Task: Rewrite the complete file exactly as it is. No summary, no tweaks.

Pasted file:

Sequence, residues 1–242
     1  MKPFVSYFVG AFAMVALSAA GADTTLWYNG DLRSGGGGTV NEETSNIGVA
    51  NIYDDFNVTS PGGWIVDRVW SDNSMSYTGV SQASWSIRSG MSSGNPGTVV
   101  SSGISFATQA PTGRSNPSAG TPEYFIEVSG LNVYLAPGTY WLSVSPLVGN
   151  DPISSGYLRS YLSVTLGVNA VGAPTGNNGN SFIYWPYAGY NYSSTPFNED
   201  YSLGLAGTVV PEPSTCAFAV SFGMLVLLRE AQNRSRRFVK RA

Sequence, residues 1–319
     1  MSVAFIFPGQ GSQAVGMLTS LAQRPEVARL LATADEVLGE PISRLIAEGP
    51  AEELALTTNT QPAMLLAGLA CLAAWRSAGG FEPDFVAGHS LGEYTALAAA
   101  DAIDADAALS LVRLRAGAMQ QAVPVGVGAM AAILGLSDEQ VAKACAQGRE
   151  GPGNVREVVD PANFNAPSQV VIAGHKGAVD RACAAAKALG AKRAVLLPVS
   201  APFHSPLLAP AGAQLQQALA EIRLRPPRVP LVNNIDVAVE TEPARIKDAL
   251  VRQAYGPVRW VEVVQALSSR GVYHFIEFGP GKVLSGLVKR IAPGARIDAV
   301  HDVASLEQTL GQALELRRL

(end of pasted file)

Sequence, residues 1–242
     1  MKPFVSYFVG AFAMVALSAA GADTTLWYNG DLRSGGGGTV NEETSNIGVA
    51  NIYDDFNVTS PGGWIVDRVW SDNSMSYTGV SQASWSIRSG MSSGNPGTVV
   101  SSGISFATQA PTGRSNPSAG TPEYFIEVSG LNVYLAPGTY WLSVSPLVGN
   151  DPISSGYLRS YLSVTLGVNA VGAPTGNNGN SFIYWPYAGY NYSSTPFNED
   201  YSLGLAGTVV PEPSTCAFAV SFGMLVLLRE AQNRSRRFVK RA

Sequence, residues 1–319
     1  MSVAFIFPGQ GSQAVGMLTS LAQRPEVARL LATADEVLGE PISRLIAEGP
    51  AEELALTTNT QPAMLLAGLA CLAAWRSAGG FEPDFVAGHS LGEYTALAAA
   101  DAIDADAALS LVRLRAGAMQ QAVPVGVGAM AAILGLSDEQ VAKACAQGRE
   151  GPGNVREVVD PANFNAPSQV VIAGHKGAVD RACAAAKALG AKRAVLLPVS
   201  APFHSPLLAP AGAQLQQALA EIRLRPPRVP LVNNIDVAVE TEPARIKDAL
   251  VRQAYGPVRW VEVVQALSSR GVYHFIEFGP GKVLSGLVKR IAPGARIDAV
   301  HDVASLEQTL GQALELRRL